Tuesday, December 10, 2013

Another Look at the Laozi XIII

Scott Bradley

Heaven and Earth are ruthless; to them the Ten Thousand Things are but as straw dogs. The sage too is ruthless; to him the people are as but straw dogs.
(Laozi, 5; Waley)
This passage is powerful if for no other reason than for its shock value. Sometimes it takes the shock of the extreme to clarify the center. The center is clarified when it simultaneously embraces the extremes. For the extremes are in fact 'true', but only in the context of each other.

Nature is indeed ruthless, but not by way of intention; it is simply the nature of the case that things arise, flourish, decay and pass without any apparent consideration of our desire that it be otherwise. They have no apparent value apart from the event of their arising and passing, but there is value in this, if we are willing to let it be so.

Straw dogs were effigies made of straw, assigned significant ritualistic value, and were then discarded as the valueless straw that they actually were. They came into being, had their valued moment, and returned to the emptiness and valuelessness from which they came — just like everything else, just like you and I.

Treating people as straw dogs is thus to value them greatly during their moment in the sun, yet letting them go when their time has come. Their value subsists in that they exist, but they exist by virtue of arising from the valueless to which they return. So, the valueless is what gives value. This is the usefulness of the useless. So let us value the valueless and the useless. This is the ironic Dao — that which gives value, but itself has no discernible value.

To speak of Mystery as valueless is, of course, to err if we take valuelessness as the literal extreme of the valued. We call it valueless only because we are unable to fathom its value; but this is not to say that it has a value, though we cannot know it; value and its lack are merely the creations of straw dogs; what has Mystery to do with our momentary need for value?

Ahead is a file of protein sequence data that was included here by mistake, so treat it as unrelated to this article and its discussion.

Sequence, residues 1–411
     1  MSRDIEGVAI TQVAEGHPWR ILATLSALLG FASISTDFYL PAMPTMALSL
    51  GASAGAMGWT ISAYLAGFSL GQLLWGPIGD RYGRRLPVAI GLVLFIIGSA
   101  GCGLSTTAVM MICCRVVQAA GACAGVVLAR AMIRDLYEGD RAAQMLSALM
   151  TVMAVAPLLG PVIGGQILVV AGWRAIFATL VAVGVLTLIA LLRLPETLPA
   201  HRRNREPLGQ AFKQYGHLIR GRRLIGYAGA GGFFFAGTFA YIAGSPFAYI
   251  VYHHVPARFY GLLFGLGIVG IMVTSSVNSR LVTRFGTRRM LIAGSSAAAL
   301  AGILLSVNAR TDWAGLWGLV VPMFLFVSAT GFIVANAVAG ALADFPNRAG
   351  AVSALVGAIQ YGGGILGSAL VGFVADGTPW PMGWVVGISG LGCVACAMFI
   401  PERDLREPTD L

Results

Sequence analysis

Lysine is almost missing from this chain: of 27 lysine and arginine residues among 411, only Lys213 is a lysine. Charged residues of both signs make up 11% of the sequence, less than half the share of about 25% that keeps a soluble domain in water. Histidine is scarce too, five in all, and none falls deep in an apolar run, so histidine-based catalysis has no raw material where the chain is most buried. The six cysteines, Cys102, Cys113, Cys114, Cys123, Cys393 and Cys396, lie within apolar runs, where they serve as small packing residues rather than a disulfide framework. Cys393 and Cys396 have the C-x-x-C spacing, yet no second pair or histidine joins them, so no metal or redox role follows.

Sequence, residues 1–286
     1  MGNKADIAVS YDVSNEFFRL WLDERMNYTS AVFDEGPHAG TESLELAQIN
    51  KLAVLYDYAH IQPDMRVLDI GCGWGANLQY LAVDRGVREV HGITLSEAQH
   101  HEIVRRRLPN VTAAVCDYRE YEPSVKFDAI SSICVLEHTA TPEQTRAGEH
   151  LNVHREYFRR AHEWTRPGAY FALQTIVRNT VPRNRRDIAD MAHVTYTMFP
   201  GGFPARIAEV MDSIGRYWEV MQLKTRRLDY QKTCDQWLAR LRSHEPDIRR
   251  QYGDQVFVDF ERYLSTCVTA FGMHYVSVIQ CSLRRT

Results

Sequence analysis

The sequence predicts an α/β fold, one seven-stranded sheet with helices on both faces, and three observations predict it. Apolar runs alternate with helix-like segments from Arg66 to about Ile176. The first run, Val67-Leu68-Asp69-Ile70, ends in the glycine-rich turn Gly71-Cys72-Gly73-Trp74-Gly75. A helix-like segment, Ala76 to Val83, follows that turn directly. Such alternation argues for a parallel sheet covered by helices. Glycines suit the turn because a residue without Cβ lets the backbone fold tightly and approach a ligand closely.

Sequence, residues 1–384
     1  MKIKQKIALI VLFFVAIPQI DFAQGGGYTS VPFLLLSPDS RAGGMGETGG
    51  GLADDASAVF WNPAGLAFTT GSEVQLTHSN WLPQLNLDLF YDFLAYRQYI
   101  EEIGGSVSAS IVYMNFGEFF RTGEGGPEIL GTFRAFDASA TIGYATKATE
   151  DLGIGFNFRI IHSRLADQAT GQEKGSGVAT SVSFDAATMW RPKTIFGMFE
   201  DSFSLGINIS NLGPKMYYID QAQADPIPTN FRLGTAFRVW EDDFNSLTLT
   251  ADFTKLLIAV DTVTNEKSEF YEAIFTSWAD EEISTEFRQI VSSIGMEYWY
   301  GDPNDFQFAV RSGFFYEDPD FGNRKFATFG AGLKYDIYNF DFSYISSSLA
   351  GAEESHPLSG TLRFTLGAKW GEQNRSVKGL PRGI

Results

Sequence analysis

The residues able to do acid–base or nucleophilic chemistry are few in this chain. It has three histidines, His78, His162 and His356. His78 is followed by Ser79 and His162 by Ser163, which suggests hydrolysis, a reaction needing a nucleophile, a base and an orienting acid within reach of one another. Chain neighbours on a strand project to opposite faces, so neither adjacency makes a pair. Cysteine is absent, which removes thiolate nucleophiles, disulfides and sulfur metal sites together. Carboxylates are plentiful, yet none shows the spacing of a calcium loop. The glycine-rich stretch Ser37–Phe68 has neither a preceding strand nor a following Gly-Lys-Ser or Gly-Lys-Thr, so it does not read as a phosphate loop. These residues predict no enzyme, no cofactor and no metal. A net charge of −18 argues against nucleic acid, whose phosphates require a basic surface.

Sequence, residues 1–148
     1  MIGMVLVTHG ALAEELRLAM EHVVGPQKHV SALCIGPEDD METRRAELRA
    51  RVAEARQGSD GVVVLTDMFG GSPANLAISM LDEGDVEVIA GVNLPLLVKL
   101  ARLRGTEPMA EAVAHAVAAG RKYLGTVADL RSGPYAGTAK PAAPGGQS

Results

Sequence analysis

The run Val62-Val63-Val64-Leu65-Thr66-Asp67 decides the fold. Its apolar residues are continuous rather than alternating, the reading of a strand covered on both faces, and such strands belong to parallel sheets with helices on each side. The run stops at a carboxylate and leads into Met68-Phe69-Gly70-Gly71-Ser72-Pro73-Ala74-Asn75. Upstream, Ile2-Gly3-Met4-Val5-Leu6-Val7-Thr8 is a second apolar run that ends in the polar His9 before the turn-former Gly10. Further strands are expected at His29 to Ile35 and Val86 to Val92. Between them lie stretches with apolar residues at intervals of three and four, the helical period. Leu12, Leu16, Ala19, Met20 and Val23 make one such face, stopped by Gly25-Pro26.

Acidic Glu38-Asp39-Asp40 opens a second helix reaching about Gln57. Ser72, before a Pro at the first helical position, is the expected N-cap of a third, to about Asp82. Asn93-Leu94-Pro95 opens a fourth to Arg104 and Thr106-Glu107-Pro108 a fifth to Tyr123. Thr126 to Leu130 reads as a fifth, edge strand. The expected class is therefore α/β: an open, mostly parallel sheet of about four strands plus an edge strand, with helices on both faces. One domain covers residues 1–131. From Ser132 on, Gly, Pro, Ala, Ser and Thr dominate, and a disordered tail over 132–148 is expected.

Being, as we are, straw dogs, however, we do experience a need for value and meaning. We are alive, not dead. Thus, we value life and find it meaningful. But value and meaning, if they are to be "sustainable", seem to require an unshakeable foundation, and thus we posit one. But the Dao that can be posited, the foundation that is conceived and articulated, is a chimera; it not the "sustainable Dao". What Dao is sustainable? That Dao that is no knowable Dao, that value which has no known value, that meaning that is essentially meaningless, these are sustainable. Not-knowing is sustainable. The incomprehensible is sustainable because it is (or is not) whatever it is (or is not) without our mediation in declaring it so. We rely on this, not an idea thought up. True not-knowing is ultimately a mystical experience of letting go into Mystery, of allowing that value and meaning are grounded in what provides them no ground. And thus, “The Radiance of Drift and Doubt is the sage’s only map.” (Zhuangzi 2:29; Ziporyn)

You can check out Scott's other miscellaneous writings here.

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